Consider Naming a Trust as Beneficiary
A safe option is to meet with an attorney and establish a trust to name as the beneficiary of the term life insurance policy. Setting up a trust allows you to control the distribution of the funds and helps ensure they will be used for their intended purpose. You can also specify who the trustee(s) will be, adding another level of security. Attorneys who specialize in estate planning are good for helping you design a strategy best suited to your needs.
Keeping the Money With the Life Insurance Company
You may be wondering why we would ever suggest such a thing. We must be joking, right? While not always the best option, it can be very useful in some instances. Many life insurance companies will allow you to keep the proceeds in an account with the insurance company for a period while earning interest. This could be an option if your minor child is close to the age of majority when your policy is issued. It may also be appropriate if you have not yet established a trust, or if you have no one in mind to be the guardian of your child.
Name a Guardian in Place of Your Child
If you have a family member or other trusted person that will take care of your child, you can name this person as a beneficiary in place of your minor child. However, understand that the life insurance company doesn’t have any authority to force the guardian to use the money to care for your children. The guardian, if named as beneficiary, could do whatever they please with the money, so trust is, of course, the main factor in considering this option.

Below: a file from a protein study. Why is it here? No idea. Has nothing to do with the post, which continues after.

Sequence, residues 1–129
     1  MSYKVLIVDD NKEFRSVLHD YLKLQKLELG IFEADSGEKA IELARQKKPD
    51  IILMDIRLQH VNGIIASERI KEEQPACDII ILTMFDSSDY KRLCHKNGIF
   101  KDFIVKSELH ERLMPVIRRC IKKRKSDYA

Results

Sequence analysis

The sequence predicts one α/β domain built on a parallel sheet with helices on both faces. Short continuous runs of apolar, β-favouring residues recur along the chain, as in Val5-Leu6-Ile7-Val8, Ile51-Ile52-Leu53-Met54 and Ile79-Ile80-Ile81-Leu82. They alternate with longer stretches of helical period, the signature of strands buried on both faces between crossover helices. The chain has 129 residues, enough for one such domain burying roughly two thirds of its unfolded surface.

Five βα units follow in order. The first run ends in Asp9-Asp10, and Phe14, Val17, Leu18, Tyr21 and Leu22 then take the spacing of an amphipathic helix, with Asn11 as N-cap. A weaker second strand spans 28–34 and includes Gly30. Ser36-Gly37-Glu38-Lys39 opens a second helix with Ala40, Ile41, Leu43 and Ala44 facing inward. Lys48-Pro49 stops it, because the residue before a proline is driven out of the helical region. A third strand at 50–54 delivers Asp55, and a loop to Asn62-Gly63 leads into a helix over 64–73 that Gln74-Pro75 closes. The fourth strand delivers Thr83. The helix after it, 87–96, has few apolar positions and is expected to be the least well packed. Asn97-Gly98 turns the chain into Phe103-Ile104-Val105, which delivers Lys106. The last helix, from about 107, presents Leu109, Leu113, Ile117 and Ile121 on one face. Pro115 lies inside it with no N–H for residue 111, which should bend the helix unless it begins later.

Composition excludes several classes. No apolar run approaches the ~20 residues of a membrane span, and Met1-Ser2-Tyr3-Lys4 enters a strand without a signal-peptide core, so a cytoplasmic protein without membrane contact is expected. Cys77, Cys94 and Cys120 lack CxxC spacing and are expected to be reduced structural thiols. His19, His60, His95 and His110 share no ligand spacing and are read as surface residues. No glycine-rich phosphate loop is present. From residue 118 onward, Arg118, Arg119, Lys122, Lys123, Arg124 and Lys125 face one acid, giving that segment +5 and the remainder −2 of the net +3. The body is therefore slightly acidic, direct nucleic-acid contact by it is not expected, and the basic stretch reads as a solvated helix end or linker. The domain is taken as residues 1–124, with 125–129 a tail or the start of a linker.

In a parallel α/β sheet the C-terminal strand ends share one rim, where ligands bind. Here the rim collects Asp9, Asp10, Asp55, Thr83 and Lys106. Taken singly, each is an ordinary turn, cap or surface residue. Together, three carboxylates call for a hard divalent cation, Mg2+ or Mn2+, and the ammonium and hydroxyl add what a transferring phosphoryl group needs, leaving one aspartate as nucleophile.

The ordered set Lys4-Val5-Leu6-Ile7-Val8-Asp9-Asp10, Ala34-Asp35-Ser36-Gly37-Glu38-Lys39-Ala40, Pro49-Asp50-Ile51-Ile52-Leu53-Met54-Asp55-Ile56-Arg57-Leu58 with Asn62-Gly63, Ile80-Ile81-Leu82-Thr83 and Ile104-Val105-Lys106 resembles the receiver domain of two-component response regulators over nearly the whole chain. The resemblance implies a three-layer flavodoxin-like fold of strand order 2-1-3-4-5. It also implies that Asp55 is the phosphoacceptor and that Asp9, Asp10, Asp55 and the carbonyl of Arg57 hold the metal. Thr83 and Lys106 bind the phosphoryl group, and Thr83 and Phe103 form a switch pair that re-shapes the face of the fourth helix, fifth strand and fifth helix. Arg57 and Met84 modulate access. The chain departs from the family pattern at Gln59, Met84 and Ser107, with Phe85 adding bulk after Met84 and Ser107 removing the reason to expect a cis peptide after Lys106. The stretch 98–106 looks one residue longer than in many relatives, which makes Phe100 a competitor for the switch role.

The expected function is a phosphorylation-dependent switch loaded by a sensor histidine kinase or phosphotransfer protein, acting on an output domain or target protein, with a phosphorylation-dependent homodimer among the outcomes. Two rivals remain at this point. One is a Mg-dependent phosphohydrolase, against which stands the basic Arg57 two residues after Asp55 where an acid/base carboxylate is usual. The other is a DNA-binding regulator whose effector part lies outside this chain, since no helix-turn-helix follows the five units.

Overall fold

Uniform Transfer to Minors Act
Most life insurance companies will allow you to name your minor beneficiary and also name the financial custodian, under the Uniform Transfer to Minors Act. This act, implemented in most states, allows for the transfer of money to a financial custodian who will manage the money until the child reaches adulthood (age 18 – 21, depending on the state). If you are considering this option, ask your life insurance agent to verify if this is allowed in your state, and to supply the appropriate paperwork.
As you can see, there are some important considerations when naming a minor child as a beneficiary on your term life insurance policy. Having something in writing, such as a trust or other legal document, is your best protection. If you are unsure about your options, talk with a licensed insurance professional or an attorney who specializes in estate planning.